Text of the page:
How effective can a set of short-term sprint intervals compared to regular endurance training at a comfortable pace be? It is well known that interval training can be time-saving, but in July 2006, a fascinating study was published in The Journal of Physiology. The scientists compared the outcome of low volume sprint training three times a week (4-6 x (30sec. all-out efforts / 4 min. recovery)) with high volume endurance training three times a week (90-120min at 65% VO2 peak).
Before starting the training programs, the riders performed a 2km and 30km time trial. Then, after the 14-days training program, they did the same tests repeatedly. In addition, muscle samples were taken to show molecular and cellular adaptations.
Both groups had similar increments in oxidative muscle capacity, muscle buffering capacity, and glycogen content. These increments were significant, showing us that the initial adaptations seem to be the same, whether you go for short intervals or long rides. The exciting part is that the sprint group spent much less time on their training but got the same improvements in performance. They only spent 7-8 minutes a week on their intervals (and 60 minutes recovery time). On the other hand, the endurance group rode their bikes for more than 5 hours a week!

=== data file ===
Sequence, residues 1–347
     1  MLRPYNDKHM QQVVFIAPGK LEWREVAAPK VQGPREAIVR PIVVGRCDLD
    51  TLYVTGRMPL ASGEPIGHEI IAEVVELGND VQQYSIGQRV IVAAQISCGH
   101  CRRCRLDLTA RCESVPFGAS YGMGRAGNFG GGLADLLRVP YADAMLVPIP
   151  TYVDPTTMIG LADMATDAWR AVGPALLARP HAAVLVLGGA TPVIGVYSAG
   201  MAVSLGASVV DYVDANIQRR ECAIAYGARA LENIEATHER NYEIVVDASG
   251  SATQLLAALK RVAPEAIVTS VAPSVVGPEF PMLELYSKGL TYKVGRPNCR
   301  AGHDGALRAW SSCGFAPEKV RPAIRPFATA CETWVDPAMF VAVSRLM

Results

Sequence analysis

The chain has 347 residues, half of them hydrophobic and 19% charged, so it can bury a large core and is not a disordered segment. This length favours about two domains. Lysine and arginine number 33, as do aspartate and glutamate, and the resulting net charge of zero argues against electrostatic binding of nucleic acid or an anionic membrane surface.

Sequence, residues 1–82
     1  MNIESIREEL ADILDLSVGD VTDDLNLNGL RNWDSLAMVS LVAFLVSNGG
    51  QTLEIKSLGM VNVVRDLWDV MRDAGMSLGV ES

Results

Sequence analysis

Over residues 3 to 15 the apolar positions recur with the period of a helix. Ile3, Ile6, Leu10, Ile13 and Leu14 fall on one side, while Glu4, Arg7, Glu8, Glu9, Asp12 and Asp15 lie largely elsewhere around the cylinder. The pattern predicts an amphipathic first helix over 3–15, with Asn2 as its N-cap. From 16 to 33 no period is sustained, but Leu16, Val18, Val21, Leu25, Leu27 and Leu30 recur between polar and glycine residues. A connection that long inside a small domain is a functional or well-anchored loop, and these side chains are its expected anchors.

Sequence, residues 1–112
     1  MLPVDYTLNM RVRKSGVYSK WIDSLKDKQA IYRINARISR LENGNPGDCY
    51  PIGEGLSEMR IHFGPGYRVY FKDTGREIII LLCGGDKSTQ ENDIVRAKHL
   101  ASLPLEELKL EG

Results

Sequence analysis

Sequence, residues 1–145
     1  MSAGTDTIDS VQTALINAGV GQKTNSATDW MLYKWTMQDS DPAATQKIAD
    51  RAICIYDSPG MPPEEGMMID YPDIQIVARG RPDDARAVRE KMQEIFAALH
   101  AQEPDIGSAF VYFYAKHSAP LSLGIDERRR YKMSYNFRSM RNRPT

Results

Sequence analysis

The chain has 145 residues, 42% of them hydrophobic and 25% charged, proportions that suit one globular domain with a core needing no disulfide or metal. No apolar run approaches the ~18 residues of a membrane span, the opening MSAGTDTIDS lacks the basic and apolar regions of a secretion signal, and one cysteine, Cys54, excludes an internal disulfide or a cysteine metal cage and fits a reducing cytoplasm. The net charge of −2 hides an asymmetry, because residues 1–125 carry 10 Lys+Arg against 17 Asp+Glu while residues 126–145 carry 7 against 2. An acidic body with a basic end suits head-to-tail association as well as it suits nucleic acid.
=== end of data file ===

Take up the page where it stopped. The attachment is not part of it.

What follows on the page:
This report is fascinating, and I look forward to reading more results from these scientists. In the future, I will prefer a setup with trained cyclists instead of just ‘active men’ and let them stick to the training program for a more extended time. Nevertheless, this study shows how deep impact intervals can make on performance. With the right setup and coach, cyclists can get the most out of their training. I’m sure we will see more results like this in the upcoming years.
I’ll go for some high-intensity sprints on my Principia this afternoon.
Gibala MJ, Little JP, van Essen M, Wilkin GP, Burgomaster KA, Safdar A, Raha
S, Tarnopolsky MA. Short-term sprint interval versus traditional endurance training: Similar initial adaptations in human skeletal muscle and exercise performance. J Physiol. 2006 Jul 6;